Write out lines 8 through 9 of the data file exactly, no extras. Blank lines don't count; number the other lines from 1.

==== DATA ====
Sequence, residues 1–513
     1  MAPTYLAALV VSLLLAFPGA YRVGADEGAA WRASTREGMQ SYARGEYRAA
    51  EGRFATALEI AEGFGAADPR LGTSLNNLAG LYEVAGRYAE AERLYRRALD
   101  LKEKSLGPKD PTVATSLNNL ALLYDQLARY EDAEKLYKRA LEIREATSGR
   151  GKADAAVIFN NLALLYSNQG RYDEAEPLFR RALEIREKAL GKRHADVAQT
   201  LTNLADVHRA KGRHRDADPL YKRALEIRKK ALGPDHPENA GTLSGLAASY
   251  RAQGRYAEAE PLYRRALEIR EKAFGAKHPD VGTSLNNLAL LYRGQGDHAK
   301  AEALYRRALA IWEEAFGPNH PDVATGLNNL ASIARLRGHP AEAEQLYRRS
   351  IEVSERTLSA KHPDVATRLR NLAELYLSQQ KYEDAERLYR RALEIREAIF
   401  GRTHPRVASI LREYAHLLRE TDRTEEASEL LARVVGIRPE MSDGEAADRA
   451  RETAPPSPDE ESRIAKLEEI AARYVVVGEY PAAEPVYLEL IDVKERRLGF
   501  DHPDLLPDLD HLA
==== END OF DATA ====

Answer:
   301  AEALYRRALA IWEEAFGPNH PDVATGLNNL ASIARLRGHP AEAEQLYRRS
   351  IEVSERTLSA KHPDVATRLR NLAELYLSQQ KYEDAERLYR RALEIREAIF